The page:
Turn on thread page Beta

Simple explanations of how to do Spearman Rank & Standard Deviation Please? watch

    • Thread Starter
    Offline

    17
    ReputationRep:
    Just wondering if someone could explain how to do the Spearman Rank and Standard Deviation techniques in the simplest way possible?
    Offline

    0
    ReputationRep:
    Here's standard deviation:

    You start with a load of data like:
    34 45 56 23 79
    (If you don't, and you start with a frequency table or something, let me know because you have to do different stuff for that!)

    Square each number:
    1156 2025 3136 529 6241

    Now add all of the above together:
    13087

    And then divide how many there are:
    2617.4

    Moving on, now find the mean average of the original data (add them and divide by number of them):
    47.4

    Square it:
    2246.76

    Now take this number (2246.76) from the number we calculated before (2617.4) to get:
    370.64

    And finally, square root it:
    19.252 (to 5.s.f.)


    So:

    Square
    Add
    Divide by n

    Average of original data
    Square
    Take
    Root
    Omg i just found the standard deviation!

    Spoiler:
    Show
    If you can't remember which one to take from which on the "Take" step, then just think it's the one which gives a positive answer!
    • Thread Starter
    Offline

    17
    ReputationRep:
    (Original post by Lou Reed)
    They're both long-winded and boring to calculate, so no simple ways really.

    For SD, i remember it as "sum of x squared over n", that's not all you do, here are the steps for a frequency table;
    - square x to get x^2
    - times frequency by corresponding x^2
    - sum this
    - divide by n
    - minus the mean squared (i'm sure you know how to work out mean)
    - square root it

    For SR, the equation is really self-explanatory:



    - find differences between the data
    - square them
    - sum them
    - times by 6
    - divide answer by (n(n^2 - 1))
    - take answer away from 1

    Does that help?
    Seems to, just give me a bit to get my head round it lol.
    • Thread Starter
    Offline

    17
    ReputationRep:
    (Original post by placenta medicae talpae)
    Here's standard deviation:

    You start with a load of data like:
    34 45 56 23 79
    (If you don't, and you start with a frequency table or something, let me know because you have to do different stuff for that!)

    Square each number:
    1156 2025 3136 529 6241

    Now add all of the above together:
    13087

    And then divide how many there are:
    2617.4

    Remember this number!
    Write it down or something

    Moving on, now find the mean of the original data (add them and divide by number of them):
    47.4

    Square it:
    2246.76

    Now take this number (2246.76) from the number we calculated before (2617.4) to get:
    370.64

    And finally, square root it:
    19.252 (to 5.s.f.)
    Nice explanation

    How would I calculate it for data on a frequency table then?
    Offline

    0
    ReputationRep:
    (Original post by sandeep90)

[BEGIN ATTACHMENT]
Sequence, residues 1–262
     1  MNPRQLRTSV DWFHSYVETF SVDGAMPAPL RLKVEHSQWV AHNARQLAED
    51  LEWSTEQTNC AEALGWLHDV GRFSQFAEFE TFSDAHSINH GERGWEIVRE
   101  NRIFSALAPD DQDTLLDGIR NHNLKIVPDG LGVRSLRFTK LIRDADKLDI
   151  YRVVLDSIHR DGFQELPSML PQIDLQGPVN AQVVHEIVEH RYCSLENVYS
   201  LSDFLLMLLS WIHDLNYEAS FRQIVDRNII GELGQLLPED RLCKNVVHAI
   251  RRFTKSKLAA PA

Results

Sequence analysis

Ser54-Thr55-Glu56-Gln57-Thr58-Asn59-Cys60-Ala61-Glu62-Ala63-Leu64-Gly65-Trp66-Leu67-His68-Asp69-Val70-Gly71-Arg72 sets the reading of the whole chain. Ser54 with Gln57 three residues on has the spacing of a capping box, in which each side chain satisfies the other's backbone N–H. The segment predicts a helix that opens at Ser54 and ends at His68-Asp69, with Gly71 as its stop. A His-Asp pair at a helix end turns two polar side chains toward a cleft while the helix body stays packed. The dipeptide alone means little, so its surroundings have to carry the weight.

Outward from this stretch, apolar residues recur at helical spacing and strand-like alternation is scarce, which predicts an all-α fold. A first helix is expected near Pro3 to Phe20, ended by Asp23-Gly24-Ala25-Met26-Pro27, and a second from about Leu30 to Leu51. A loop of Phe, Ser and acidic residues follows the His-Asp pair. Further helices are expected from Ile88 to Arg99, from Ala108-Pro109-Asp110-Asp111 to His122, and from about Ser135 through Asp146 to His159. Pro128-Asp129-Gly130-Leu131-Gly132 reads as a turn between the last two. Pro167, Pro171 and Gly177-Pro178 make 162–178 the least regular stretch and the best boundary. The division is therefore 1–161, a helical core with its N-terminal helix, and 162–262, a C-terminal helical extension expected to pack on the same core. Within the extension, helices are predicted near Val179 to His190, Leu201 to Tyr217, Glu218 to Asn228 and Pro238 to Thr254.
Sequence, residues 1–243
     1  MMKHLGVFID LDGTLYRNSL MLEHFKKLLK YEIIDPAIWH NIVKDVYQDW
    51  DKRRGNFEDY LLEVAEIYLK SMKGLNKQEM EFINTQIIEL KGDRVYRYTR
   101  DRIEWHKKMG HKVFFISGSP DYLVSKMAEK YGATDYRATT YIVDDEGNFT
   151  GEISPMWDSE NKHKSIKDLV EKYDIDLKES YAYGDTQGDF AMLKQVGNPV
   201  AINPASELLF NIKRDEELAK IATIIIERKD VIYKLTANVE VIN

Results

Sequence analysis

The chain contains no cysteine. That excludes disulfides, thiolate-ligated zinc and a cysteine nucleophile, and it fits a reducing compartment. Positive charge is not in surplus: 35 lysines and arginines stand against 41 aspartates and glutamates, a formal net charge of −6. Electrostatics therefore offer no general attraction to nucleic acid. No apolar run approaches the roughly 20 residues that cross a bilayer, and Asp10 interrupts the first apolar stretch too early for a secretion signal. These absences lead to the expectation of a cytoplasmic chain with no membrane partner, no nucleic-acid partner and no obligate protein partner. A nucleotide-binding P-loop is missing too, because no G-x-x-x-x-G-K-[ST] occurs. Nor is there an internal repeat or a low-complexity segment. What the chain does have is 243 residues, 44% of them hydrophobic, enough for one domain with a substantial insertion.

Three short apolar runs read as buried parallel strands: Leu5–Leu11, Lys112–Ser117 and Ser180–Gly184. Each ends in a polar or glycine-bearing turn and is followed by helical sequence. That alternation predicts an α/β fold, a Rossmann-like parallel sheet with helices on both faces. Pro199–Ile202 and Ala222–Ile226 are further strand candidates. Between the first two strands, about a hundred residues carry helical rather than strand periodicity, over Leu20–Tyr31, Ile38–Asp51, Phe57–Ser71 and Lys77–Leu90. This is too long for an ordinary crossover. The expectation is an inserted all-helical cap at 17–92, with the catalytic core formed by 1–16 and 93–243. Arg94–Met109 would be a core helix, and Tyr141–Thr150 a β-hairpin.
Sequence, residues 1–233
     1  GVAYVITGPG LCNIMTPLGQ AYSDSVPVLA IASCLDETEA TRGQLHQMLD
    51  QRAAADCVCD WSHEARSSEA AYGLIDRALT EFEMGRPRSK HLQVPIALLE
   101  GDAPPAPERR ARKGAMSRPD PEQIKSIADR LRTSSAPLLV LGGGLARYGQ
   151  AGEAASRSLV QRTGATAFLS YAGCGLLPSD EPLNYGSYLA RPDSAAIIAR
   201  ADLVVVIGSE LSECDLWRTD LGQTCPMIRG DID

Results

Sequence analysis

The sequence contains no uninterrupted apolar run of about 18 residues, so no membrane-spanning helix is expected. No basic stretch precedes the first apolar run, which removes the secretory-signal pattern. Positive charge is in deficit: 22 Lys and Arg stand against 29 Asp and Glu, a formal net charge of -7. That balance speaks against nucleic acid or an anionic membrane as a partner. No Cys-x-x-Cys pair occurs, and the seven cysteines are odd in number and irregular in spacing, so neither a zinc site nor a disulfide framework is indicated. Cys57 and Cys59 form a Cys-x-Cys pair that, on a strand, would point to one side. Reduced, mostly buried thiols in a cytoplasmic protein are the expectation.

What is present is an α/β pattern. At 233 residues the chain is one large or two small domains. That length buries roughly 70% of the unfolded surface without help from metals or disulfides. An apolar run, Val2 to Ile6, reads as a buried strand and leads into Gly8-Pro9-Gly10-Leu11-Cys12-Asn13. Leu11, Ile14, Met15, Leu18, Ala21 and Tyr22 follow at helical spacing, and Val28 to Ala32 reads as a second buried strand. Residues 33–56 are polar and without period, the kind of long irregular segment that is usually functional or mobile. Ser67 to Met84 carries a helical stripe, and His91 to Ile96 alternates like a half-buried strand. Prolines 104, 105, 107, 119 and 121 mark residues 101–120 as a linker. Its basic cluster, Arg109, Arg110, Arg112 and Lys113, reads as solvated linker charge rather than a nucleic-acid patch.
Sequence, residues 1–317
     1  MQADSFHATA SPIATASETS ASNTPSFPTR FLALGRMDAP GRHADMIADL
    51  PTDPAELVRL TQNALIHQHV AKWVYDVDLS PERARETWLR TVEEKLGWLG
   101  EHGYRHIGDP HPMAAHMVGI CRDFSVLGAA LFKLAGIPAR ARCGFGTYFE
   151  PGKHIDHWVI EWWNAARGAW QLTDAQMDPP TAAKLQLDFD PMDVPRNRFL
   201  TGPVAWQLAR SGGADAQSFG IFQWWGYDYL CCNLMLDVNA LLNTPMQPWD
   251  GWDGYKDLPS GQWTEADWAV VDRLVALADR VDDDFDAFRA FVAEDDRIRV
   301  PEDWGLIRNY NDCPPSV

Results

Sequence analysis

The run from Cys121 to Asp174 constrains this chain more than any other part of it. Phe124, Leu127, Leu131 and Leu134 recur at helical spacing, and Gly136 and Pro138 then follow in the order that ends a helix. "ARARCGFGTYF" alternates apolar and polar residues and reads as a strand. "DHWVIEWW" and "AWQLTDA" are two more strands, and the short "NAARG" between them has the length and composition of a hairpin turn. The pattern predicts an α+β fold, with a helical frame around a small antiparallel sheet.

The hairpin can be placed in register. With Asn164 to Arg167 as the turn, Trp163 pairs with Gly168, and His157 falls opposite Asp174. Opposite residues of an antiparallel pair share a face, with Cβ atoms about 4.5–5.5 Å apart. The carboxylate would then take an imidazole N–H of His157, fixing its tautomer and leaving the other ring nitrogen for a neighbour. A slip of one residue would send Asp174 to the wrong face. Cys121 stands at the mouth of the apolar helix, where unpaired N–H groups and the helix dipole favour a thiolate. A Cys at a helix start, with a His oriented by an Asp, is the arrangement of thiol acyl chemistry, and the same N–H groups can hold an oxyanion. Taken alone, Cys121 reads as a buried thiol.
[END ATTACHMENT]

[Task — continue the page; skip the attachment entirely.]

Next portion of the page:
Seems to, just give me a bit to get my head round it lol.
    Oh, erm, about this one - it's important that it's the ranks which have to be considered, rather than the actual values!
    Offline

    0
    ReputationRep:
    (Original post by sandeep90)
    Nice explanation

    How would I calculate it for data on a frequency table then?
    Cheers - I edited it a bit, so it's much clearer now

    To be honest, the formula is pretty much the same:
    I just think of it as "stick an f before the x".

    So instead of being:
    \sigma = \sqrt{\frac{\sum x^2}{n}-\bar{x}^2}

    It is now:
    \sigma = \sqrt{\frac{\sum f x^2}{n}-\bar{x}^2}

    Spoiler:
    Show
    If you prefer the alternative formula, then instead of being:
    \sigma = \sqrt{\frac{\sum (x-\bar{x})^2}{n}}
    It is now:
    \sigma = \sqrt{\frac{\sum f(x-\bar{x})^2}{n}}


    And here, f.x^2 is the value representing a class, squared, and then timesed by the frequency of that class - how many values lie therein.
    I appreciate that might be a little vague; let me know if it needs to be clarified.

    I think that (surprisingly) the hardest bit of this is remembering how to find the mean from the frequency table!

    \bar{x}=\frac{\sum x}{n}
 
 
 

University open days

  1. University of Bradford
    University-wide Postgraduate
    Wed, 25 Jul '18
  2. University of Buckingham
    Psychology Taster Tutorial Undergraduate
    Wed, 25 Jul '18
  3. Bournemouth University
    Clearing Campus Visit Undergraduate
    Wed, 1 Aug '18
Poll
How are you feeling in the run-up to Results Day 2018?
Useful resources

Make your revision easier

Maths

Maths Forum posting guidelines

Not sure where to post? Read the updated guidelines here

Equations

How to use LaTex

Writing equations the easy way

Student revising

Study habits of A* students

Top tips from students who have already aced their exams

Study Planner

Create your own Study Planner

Never miss a deadline again

Polling station sign

Thinking about a maths degree?

Chat with other maths applicants

Can you help? Study help unanswered threads

Groups associated with this forum:

View associated groups

The Student Room, Get Revising and Marked by Teachers are trading names of The Student Room Group Ltd.

Register Number: 04666380 (England and Wales), VAT No. 806 8067 22 Registered Office: International House, Queens Road, Brighton, BN1 3XE

Write a reply...
Reply
Hide
Reputation gems: You get these gems as you gain rep from other members for making good contributions and giving helpful advice.